A perennial complaint of the chattering class is that the lack of competitive U.S. House seats contributes to supposedly unprecedented partisanship in Congress.
Those critics will make much of the Cook Political Report’s conclusions that only 90 of 435 House districts will be competitive in 2014, down 45 percent from 164 competitive seats in 1998. Competitive seats have steadily declined since that time.
But the statistic also shows why the existence of competitive seats is not synonymous with bipartisan harmony: 1998 was the year the U.S. House voted to impeach President Bill Clinton. As we recall, partisan tensions ran rather high throughout that event.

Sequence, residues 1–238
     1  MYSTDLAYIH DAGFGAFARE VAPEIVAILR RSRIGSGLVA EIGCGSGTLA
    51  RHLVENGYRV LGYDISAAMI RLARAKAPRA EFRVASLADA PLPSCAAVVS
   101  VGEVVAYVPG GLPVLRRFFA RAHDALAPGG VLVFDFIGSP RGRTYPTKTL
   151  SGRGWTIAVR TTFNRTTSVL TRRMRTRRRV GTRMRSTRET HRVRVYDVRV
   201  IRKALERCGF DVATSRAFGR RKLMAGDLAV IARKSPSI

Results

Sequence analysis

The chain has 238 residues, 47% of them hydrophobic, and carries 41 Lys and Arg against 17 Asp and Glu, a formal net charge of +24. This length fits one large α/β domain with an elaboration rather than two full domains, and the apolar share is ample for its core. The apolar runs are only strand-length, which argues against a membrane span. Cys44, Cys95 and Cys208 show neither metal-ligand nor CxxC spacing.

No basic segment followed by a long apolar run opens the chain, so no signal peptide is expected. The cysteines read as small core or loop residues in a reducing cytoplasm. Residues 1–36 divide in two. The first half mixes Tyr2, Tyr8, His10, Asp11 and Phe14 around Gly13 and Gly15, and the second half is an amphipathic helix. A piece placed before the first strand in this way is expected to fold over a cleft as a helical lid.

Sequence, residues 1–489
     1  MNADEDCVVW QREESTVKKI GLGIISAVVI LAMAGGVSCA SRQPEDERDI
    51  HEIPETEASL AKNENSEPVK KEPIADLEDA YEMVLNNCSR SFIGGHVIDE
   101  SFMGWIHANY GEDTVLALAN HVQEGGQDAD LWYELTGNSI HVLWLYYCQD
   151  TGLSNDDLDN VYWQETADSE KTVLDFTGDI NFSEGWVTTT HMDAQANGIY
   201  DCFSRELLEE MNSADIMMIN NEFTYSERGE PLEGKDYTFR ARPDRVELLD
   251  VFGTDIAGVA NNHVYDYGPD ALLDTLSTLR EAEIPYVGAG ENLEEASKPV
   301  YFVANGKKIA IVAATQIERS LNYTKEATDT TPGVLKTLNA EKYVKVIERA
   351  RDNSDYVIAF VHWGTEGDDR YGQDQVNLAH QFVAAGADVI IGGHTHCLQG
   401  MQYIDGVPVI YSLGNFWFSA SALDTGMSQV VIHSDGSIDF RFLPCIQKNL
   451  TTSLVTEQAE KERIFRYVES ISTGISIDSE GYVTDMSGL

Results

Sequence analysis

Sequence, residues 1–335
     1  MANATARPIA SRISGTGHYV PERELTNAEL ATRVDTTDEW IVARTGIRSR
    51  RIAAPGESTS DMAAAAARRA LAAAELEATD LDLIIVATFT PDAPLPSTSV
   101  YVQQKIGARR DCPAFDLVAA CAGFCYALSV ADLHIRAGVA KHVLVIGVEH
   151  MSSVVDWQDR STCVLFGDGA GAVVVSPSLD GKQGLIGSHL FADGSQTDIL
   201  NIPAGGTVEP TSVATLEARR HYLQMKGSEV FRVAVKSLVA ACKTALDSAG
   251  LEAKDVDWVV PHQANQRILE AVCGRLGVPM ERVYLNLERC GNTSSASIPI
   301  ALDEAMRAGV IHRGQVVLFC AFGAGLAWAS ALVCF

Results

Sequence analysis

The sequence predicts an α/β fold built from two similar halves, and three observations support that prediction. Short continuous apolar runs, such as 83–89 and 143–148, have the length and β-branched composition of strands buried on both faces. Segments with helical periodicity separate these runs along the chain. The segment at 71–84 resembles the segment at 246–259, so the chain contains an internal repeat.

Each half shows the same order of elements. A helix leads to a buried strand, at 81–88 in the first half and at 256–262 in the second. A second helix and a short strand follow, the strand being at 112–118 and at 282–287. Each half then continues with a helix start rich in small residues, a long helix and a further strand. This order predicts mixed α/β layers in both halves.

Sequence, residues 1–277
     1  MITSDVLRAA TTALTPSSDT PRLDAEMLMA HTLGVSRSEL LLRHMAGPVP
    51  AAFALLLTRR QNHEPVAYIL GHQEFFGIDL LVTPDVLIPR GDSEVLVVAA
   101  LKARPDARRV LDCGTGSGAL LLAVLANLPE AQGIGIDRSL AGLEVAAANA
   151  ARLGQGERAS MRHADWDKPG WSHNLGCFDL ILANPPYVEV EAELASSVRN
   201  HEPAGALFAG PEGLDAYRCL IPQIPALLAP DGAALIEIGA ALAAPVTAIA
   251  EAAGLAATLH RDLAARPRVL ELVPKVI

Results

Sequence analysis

Countless examples of hard-fought partisan battles can be found throughout our nation’s history when allegedly genteel prior Congresses served. The ongoing battle of ideas, even with the political tensions engendered, are not a detriment to democracy, but an asset.
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